Helmsley Charitable Trust gift to impact cardiac care across state

by Robb Crouch, University of Nebraska Foundation | May 11, 2020

Image with caption: UNMC was able to purchase 100 mechanical cardiopulmonary resuscitation (CPR) devices and distribute them to more than 20 hospitals across Nebraska and in part of eastern Iowa.

UNMC was able to purchase 100 mechanical cardiopulmonary resuscitation (CPR) devices and distribute them to more than 20 hospitals across Nebraska and in part of eastern Iowa.

Providing emergency cardiac care equipment to Nebraska hospitals in response to COVID-19 and providing training to emergency health care workers is the focus of a $1.5 million grant to UNMC from the Leona M. and Harry B. Helmsley Charitable Trust.

UNMC's Interprofessional Experiential Center for Enduring Learning (iEXCEL) and Simulation in Motion-Nebraska (SIM-NE) partnered with the University of Nebraska Foundation to secure the grant.

With this grant, iEXCEL and SIM-NE will be able to oversee the purchase of 100 mechanical cardiopulmonary resuscitation (CPR) devices and the distribution of them to more than 30 health care organizations across Nebraska and in part of western Iowa.

iEXCEL also received two devices for use for training of students, residents, faculty and health care providers. The funding also provides support for the SIM-NE program to provide virtual training events for EMS agencies and critical access hospitals on the best practices in responding to medical situations involving COVID-19.

"This gift will help save lives across the state of Nebraska," said UNMC Chancellor Jeffrey P. Gold, M.D. "Disseminating these devices throughout the state, especially at a time when front-line responders are under immense pressure due to COVID-19 concerns, will provide an immediate, positive impact in times of dire medical crisis. We are grateful to the Leona M. and Harry B. Helmsley Charitable Trust for this gift."

According to the Stryker Corporation, manufacturer of the LUCAS chest compression system, this device provides benefits to both the person experiencing the cardiac arrest and the resuscitation team by delivering high-performance, continuous chest compressions with less strain, micromanagement and risk for caregivers.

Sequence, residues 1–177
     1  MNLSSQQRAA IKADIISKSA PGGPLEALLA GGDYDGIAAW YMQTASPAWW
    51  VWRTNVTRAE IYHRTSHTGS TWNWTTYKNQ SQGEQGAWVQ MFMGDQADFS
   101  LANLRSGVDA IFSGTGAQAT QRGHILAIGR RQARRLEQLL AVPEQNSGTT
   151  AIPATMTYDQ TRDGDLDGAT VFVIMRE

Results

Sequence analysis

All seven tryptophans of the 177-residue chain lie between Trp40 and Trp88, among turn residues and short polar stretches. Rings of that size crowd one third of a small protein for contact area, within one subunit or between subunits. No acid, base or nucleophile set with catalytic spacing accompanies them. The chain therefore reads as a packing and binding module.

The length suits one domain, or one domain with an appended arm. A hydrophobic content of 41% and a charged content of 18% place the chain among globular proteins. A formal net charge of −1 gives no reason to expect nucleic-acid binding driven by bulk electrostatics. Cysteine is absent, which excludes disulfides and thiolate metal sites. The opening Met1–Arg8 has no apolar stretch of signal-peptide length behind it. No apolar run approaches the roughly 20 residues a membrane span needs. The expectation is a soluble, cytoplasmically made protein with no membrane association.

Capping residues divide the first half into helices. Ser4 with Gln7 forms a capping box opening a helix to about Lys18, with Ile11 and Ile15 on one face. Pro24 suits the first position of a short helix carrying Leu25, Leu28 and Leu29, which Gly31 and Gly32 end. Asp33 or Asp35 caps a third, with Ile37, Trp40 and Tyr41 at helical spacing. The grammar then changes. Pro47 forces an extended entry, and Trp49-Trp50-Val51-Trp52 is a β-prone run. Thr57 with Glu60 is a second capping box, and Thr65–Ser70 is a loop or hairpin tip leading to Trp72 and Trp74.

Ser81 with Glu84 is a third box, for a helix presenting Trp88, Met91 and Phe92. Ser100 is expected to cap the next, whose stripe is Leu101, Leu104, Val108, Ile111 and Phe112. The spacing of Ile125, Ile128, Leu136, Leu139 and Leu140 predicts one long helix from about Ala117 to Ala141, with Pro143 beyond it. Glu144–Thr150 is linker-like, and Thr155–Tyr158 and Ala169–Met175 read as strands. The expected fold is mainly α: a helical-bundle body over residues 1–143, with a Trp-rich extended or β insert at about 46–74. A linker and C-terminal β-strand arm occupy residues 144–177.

"These devices are vital, because we don't want front-line health care workers to choose between trying to save a patient or risking exposure to themselves and others to the coronavirus," said Walter Panzirer, a trustee for the Helmsley Charitable Trust. "LUCAS has been a proven, effective tool in saving lives during cardiac arrest, and having more of them available during this pandemic will save even more lives, including those of the doctors, nurses and other health care workers."

The Helmsley Charitable Trust awarded more than $4.7 million to organizations in five states to provide 367 LUCAS mechanical CPR devices to hospitals. It partnered with medical facilities in Nebraska, North Dakota, Montana, South Dakota and Wyoming to ensure the devices were in place during the pandemic and that they remain in use after the pandemic as part of a center's cardiac care system.

"The great support from the Helmsley Charitable Trust helps so many hospitals and the ability of their medical staff to save lives, so this is big," said Doug Dekker, SIM-NE program manager.

Ben Stobbe, assistant vice chancellor of clinical simulation for iEXCEL, said, "Because of this generosity and partnership, UNMC purchased and will deliver LUCAS cardiac devices into the hands of the medical staff at hospitals in a matter of weeks rather than months."

SIM-NE provides mobile statewide training services using four, 44-foot-long, customized trucks for the instruction of rural EMS providers and health professionals in hospitals. Since the coronavirus outbreak, it's shifted its training to online and video sessions to protect its instructors and trainees while still providing critical educational training.

SIM-NE was initially funded with a $5.5 million grant from the Helmsley Charitable Trust as well as other private contributions to the University of Nebraska Foundation.

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Patti Carstens
May 11, 2020 at 9:25 AM

Wonderful News!!! Go Sim-NE